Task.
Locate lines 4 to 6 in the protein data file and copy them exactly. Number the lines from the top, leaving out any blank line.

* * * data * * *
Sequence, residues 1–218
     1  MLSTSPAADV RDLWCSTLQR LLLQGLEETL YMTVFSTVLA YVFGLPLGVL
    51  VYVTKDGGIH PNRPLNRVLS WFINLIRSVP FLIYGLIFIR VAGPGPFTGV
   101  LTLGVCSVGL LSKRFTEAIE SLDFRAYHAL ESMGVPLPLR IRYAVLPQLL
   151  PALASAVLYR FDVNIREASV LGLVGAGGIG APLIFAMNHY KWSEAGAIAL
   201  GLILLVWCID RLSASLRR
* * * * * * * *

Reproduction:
   101  LTLGVCSVGL LSKRFTEAIE SLDFRAYHAL ESMGVPLPLR IRYAVLPQLL
   151  PALASAVLYR FDVNIREASV LGLVGAGGIG APLIFAMNHY KWSEAGAIAL
   201  GLILLVWCID RLSASLRR